Taken together, our bioinformatic analyses of prion and ZIP genes and their genetic environments suggest that retroposition was the likely mode of emergence of prions from a LIV-1 ZIP ancestor molecule. It is anticipated that this model can be further refined once additional genome sequences of species with relevance for elucidating pre-vertebrate evolution become available. Potentially more rewarding, however, might be to uncover (i) where the CFC domain within metazoan ZIP transporters originated from, and (ii) whether any molecular cousins of the prion protein exist which descended from the independent retroposition of ectodomain-coding sequences of ZIP transporters lacking a CFC domain.

Supporting Information

Figure S1.

Tree diagram depicting species utilized for genomic analyses in this study. In all instances, species included for a given analysis were to provide a broad and most informative sample and, at the same time, minimize redundancy. Because the questions which were addressed differed from analysis to analysis, the most relevant sample of gene sequences differed accordingly. MA, multiple alignment; EI, exon-intron; SA, synteny analysis.


Figure S2.

Multiple introns observed in the coding regions of ZIP genes are missing from prion genes. Alternative presentation of data from intron/exon analysis shown in Figure 3 with both intron and exon lengths depicted to scale.


Figure S3.

Evidence for the existence of ZIP pseudogenes in the human genome. A. Human chromosome 1 contains a retrocopy of the human ZIP14 gene coded within the long arm of chromosome 8. The retrocopy is embedded within a relatively long intron of the guanine nucleotide binding protein gamma 4 (GNG4) gene. It exhibits telltale signs of sequence decay associated with pseudogenes such as an accumulation of multiple translation stop codons and the presence of more than a dozen predicted frameshifts relative to the predicted mRNA sequence of its parent ZIP14 gene. B. A relatively short ZIP1 pseudogene corresponding to a C-terminal segment of its ZIP1 parent gene coded within chromosome 1 can be identified on human chromosome 22. The pseudogene sequence features a translation stop codon and two predicted frameshifts.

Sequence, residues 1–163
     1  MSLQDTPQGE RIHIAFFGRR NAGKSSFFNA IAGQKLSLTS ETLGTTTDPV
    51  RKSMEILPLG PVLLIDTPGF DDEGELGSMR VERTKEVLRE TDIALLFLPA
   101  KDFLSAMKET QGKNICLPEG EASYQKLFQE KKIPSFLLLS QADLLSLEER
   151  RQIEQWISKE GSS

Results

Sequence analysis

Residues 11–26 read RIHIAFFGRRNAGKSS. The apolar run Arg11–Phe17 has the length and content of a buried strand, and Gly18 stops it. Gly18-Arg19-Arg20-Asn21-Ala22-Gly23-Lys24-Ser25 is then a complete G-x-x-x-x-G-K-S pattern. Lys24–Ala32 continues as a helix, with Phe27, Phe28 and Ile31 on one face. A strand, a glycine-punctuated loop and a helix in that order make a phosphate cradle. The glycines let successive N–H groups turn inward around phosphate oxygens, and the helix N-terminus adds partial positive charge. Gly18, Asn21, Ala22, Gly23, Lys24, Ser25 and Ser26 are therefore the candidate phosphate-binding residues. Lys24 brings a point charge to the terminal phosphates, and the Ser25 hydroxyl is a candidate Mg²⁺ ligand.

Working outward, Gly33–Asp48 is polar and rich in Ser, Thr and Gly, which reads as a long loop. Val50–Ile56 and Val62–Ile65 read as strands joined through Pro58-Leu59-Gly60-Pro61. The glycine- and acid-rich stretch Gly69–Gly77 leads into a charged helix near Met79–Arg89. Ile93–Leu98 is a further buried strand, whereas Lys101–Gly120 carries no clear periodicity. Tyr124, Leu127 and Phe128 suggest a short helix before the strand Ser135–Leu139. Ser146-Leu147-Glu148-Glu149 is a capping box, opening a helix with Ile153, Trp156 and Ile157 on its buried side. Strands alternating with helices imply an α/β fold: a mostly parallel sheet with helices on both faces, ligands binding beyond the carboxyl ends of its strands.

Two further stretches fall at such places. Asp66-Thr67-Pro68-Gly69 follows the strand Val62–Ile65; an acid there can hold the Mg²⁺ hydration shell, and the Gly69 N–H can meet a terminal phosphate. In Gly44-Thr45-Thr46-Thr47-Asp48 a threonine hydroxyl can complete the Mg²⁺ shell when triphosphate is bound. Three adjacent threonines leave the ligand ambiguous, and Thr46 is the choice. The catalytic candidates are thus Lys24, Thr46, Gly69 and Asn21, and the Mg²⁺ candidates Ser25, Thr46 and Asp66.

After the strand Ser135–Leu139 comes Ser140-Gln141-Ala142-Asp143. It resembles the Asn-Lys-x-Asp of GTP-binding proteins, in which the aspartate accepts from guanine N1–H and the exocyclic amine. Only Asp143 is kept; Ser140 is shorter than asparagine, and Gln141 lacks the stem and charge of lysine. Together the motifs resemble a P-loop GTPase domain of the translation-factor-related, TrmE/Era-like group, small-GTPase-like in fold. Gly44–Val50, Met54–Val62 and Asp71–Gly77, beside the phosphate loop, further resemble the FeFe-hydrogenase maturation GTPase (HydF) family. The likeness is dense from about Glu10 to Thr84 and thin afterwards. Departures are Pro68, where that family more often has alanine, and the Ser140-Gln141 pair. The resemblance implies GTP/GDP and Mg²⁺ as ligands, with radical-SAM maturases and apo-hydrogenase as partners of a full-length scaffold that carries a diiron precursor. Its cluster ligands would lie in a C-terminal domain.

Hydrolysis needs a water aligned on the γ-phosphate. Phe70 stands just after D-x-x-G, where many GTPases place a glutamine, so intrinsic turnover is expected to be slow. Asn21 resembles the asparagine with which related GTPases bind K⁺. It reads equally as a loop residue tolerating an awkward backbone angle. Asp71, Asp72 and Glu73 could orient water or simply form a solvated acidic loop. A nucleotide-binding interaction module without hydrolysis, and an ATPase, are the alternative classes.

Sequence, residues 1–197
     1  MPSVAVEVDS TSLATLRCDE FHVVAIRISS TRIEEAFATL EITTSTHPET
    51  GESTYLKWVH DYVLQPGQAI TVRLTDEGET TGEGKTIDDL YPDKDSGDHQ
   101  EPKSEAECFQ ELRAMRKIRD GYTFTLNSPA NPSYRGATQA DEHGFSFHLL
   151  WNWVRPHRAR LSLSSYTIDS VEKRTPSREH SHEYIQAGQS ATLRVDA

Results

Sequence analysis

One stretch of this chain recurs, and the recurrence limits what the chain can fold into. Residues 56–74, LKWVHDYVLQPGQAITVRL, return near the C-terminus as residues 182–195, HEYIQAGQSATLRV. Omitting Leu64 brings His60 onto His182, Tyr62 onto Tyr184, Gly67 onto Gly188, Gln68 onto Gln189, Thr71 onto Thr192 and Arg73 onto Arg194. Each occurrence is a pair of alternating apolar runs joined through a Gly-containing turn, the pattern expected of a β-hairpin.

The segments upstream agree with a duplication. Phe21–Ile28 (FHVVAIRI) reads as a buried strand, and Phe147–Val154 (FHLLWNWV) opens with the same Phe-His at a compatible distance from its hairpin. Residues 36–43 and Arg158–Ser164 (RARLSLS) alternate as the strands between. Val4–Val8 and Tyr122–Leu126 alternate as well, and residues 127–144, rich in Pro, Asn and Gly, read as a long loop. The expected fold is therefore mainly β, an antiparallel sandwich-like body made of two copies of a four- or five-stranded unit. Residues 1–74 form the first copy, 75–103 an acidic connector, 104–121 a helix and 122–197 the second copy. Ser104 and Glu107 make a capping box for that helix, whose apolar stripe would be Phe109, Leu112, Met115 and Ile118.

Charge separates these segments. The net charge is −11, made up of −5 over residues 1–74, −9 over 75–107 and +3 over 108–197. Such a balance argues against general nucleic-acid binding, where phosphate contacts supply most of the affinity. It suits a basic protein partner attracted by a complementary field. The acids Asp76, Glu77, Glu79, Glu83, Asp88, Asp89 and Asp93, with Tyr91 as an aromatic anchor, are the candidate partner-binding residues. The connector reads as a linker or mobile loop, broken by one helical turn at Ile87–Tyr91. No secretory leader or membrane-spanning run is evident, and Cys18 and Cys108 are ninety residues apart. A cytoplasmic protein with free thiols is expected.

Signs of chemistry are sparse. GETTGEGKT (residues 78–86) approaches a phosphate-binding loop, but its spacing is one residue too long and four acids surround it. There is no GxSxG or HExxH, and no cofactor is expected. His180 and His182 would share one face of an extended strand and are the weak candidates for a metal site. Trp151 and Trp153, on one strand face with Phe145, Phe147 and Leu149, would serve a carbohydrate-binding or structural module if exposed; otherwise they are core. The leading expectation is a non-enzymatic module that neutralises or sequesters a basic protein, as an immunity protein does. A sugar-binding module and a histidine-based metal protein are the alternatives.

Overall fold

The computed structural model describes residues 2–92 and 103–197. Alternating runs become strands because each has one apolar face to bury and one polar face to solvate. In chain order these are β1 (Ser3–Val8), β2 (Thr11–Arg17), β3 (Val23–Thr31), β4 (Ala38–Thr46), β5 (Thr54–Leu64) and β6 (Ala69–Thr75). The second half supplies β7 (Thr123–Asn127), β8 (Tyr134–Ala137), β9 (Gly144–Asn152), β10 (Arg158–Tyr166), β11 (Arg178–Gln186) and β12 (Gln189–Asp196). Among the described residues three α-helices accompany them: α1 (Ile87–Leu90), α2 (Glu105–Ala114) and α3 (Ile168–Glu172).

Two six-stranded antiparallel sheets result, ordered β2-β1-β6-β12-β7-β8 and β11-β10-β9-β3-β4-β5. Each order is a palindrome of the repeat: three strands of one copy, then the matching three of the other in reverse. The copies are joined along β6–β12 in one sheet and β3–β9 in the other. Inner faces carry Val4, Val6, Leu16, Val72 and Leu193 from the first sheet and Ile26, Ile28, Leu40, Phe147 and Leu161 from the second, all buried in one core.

Table S1.

Summary of evidences presented in support of evolutionary descent of PrP gene family from ZIP metal ion transport ancestor gene.


Table S2.

Protein accession numbers and abbreviations of species names.


Author Contributions

Conceived and designed the experiments: SE GS-U. Performed the experiments: SE RT CLP HR GS-U. Analyzed the data: SE RT CLP PMH GS-U. Contributed reagents/materials/analysis tools: PMH GS-U. Wrote the paper: SE GS-U.